You need optimum hand dexterity to brush and floss properly for good dental hygiene. However, often symptoms of MS, such as loss of motor function and poor muscular coordination, result in poor teeth brushing techniques. In addition, those with MS may find it difficult to attend regular dental visits and check-ups because of mobility impairment or fatigue associated with MS.
Those with MS may also be at a higher risk of teeth decay due to medications used to treat MS symptoms that can cause dry mouth (xerostomia), which in turn can cause bacteria to accumulate, resulting in periodontal (gum) disease, otherwise known as gingivitis.
“Gum disease can cause a ripple effect on one’s health,” says Murray Hewlett, CEO of Affinity Health. “Numerous studies have demonstrated links between periodontal disease and heart disease, rheumatoid arthritis, diabetes, kidney disease, malignant diseases, dementia (perhaps even Alzheimer’s disease), and various other types of diseases.”
Dental Self-Care Tips
Affinity Health offers the following advice for those with MS, to prevent dental problems before they happen:
- Brush your teeth twice a day: after breakfast and before going to sleep.
- Use toothbrushes with built-up handles. One trick is to cut a small slit in the side of a tennis ball and slide it onto the toothbrush’s handle.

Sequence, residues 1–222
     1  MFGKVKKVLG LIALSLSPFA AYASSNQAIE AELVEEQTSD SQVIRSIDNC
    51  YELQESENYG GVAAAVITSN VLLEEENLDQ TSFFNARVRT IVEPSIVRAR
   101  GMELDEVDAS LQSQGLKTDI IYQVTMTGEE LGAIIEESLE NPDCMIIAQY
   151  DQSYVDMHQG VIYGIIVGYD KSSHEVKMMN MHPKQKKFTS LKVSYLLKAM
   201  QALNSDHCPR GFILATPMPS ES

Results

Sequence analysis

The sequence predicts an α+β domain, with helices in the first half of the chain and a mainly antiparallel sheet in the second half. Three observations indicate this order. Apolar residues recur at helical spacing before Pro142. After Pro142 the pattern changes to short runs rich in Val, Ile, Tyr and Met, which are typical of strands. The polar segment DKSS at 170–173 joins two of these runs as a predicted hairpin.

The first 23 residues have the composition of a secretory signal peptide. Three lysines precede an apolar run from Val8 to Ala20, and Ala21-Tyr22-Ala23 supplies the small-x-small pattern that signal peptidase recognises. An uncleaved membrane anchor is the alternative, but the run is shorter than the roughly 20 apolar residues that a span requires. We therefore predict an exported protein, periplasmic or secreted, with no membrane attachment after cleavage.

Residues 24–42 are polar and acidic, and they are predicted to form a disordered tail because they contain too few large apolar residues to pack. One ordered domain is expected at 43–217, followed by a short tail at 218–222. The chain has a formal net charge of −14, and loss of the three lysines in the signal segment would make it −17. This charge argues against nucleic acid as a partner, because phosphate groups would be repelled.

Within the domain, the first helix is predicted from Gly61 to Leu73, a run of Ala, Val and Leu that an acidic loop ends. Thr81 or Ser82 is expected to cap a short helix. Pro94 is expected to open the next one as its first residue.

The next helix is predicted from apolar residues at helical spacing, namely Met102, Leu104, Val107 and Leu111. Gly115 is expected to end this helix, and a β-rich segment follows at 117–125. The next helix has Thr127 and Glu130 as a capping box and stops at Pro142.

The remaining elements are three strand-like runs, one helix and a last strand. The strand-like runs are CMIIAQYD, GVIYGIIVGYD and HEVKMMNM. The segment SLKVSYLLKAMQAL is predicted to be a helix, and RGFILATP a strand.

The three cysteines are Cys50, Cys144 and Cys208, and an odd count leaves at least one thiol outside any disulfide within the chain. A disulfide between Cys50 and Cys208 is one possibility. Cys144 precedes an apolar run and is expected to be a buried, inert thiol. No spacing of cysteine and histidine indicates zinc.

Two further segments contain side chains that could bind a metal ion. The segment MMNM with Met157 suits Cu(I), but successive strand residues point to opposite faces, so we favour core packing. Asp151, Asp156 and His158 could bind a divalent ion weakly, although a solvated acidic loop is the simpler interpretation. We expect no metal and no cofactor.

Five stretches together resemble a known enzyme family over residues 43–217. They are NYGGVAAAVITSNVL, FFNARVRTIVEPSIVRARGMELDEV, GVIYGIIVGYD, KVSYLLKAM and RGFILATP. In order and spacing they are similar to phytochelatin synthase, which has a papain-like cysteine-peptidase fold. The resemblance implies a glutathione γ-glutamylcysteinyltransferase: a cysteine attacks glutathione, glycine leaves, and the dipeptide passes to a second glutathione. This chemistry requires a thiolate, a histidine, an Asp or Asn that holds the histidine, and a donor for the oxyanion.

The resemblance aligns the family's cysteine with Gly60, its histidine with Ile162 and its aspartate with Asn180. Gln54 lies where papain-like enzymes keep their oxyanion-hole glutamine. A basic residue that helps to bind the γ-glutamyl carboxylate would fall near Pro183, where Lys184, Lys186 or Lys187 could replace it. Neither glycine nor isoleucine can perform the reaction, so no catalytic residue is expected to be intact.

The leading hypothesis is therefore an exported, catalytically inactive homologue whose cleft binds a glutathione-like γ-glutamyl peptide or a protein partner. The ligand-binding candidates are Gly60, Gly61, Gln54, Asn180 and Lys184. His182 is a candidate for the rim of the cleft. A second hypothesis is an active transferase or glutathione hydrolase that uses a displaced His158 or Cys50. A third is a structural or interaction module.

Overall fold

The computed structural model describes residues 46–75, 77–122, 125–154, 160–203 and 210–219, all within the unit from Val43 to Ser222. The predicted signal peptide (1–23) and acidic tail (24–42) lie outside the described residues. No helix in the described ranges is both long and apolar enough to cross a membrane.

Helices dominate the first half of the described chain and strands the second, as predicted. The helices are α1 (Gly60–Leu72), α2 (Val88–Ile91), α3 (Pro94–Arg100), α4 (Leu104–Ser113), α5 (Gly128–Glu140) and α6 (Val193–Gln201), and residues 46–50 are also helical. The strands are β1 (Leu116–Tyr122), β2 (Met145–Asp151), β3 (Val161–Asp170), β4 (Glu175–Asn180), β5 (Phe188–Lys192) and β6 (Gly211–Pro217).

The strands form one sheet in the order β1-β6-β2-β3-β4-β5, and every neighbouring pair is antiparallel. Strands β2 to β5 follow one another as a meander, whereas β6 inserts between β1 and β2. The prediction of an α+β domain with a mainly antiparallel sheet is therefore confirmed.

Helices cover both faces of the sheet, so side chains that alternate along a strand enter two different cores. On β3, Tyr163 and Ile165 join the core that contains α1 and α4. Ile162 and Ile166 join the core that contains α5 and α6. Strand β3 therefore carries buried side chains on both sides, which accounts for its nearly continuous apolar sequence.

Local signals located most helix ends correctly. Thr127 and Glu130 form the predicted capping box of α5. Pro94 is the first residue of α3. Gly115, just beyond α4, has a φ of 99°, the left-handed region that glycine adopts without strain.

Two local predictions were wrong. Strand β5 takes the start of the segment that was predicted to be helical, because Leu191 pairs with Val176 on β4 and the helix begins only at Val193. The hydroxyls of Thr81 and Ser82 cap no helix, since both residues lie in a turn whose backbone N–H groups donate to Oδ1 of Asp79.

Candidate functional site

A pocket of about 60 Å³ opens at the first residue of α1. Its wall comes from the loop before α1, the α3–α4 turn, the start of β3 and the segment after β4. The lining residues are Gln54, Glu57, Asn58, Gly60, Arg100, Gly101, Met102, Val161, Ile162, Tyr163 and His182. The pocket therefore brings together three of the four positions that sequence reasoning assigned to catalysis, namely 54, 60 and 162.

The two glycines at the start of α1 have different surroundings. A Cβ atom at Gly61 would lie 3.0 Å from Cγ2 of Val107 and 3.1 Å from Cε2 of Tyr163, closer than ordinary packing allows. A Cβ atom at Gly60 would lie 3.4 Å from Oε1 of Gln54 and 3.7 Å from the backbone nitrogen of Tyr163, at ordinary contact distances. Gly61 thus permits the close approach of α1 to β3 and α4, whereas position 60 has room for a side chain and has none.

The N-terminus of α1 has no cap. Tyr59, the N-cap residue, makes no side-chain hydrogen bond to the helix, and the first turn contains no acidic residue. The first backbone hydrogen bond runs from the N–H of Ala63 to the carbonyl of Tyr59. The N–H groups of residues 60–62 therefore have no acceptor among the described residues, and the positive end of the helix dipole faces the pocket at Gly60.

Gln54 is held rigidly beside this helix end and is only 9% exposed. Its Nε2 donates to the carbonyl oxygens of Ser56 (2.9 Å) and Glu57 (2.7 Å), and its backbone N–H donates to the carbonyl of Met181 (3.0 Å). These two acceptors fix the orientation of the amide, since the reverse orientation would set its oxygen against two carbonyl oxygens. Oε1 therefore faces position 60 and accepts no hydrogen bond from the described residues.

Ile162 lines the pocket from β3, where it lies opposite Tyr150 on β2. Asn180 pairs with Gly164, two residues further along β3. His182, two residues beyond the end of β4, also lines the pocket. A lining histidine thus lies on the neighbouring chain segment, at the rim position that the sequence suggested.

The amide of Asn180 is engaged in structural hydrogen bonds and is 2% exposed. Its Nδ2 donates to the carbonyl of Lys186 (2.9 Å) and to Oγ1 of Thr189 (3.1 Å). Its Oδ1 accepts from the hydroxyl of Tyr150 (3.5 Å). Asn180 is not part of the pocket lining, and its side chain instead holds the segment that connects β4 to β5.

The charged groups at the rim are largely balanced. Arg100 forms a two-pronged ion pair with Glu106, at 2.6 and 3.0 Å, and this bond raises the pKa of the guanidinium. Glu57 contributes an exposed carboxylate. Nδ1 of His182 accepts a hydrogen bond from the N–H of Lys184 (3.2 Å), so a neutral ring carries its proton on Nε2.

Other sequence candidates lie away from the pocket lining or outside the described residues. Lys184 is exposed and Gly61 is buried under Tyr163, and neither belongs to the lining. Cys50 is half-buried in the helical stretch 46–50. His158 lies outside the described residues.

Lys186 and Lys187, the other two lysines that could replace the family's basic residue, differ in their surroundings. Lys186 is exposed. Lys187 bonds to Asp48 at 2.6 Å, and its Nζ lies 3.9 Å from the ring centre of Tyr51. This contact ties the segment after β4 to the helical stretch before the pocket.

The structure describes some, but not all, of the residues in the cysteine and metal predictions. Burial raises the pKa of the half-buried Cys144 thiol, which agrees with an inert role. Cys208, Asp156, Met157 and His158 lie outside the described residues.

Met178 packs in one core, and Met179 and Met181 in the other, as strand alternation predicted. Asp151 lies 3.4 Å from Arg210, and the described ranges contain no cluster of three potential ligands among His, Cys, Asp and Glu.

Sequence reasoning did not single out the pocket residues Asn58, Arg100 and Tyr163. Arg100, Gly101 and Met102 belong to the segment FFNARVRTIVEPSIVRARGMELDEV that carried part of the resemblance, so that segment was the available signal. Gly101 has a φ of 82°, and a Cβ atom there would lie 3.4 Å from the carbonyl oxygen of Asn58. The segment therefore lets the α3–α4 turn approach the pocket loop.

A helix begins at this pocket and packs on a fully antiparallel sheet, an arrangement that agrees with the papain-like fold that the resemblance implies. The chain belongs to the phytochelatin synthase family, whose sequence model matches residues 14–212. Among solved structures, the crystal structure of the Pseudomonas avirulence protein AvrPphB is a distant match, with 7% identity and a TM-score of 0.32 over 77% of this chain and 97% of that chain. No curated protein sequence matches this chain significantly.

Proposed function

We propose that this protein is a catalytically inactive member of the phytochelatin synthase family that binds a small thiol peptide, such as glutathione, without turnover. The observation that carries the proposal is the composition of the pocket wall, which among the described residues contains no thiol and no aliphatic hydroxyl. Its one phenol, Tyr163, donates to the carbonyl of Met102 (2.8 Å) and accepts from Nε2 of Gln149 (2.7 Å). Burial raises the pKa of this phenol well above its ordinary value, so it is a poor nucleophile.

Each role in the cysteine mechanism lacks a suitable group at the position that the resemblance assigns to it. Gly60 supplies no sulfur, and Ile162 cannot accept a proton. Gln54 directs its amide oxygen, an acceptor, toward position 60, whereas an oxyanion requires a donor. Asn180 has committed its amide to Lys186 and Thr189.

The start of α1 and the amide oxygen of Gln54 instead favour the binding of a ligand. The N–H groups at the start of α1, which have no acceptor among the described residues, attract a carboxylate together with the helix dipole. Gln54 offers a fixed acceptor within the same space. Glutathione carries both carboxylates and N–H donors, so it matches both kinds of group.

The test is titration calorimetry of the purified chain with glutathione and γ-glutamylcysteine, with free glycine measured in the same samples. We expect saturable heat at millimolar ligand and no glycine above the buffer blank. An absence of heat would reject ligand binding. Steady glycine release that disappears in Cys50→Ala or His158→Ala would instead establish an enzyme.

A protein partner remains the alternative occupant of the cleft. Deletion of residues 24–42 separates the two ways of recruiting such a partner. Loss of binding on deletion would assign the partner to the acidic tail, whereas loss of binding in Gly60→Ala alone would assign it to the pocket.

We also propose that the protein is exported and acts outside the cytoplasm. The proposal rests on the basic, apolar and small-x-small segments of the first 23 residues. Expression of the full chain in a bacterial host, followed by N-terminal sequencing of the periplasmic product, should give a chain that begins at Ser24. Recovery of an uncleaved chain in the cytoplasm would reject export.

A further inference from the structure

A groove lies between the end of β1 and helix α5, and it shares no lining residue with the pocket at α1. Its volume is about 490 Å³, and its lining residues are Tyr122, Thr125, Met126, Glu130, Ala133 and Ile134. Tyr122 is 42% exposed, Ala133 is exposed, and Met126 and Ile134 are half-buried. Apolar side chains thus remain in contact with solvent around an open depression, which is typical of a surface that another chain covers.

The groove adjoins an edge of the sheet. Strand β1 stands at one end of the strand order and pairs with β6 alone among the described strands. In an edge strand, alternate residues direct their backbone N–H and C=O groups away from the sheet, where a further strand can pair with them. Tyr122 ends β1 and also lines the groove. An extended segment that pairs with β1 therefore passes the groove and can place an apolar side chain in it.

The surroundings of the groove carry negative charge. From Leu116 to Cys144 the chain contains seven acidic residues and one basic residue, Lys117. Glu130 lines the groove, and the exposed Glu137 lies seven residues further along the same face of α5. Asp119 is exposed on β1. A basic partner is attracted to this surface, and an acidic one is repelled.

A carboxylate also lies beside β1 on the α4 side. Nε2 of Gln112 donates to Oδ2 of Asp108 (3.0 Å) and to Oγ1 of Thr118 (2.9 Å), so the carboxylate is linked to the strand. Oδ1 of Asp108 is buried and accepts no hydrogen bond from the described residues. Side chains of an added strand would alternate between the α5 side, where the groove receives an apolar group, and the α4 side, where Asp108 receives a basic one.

- Use a toothpaste with fluoride.
- For people with MS, swallowing is difficult. This can be a challenge when brushing your teeth. It is possible to get toothbrushes, which have in-built suction to remove saliva and toothpaste from the mouth while cleaning.
- Plaque disclosing tablets can encourage cleaning. They stain plaque on the teeth. This can improve technique by showing which areas are need attention.
- Use flossing tools to help you floss.
- Wear a weighted glove while brushing to manage tremors.
- Use a tongue scraper or brush your tongue daily.
- Eat a well-balanced diet without too many sweets.
- Have regular dental appointments, usually every six months.
- Replace your toothbrush at least every three to four months.
See your dentist as soon as possible if you experience bleeding gums, tooth or jaw pain, or tooth sensitivity. Remember that healthy gums are pink, pain-free, and do not bleed when brushing or flossing. If your gums bleed during brushing, it’s a red flag that something is wrong.
Keep your mouth in good condition with regular dental check-ups and examinations, professional cleanings, tooth extractions, and fillings.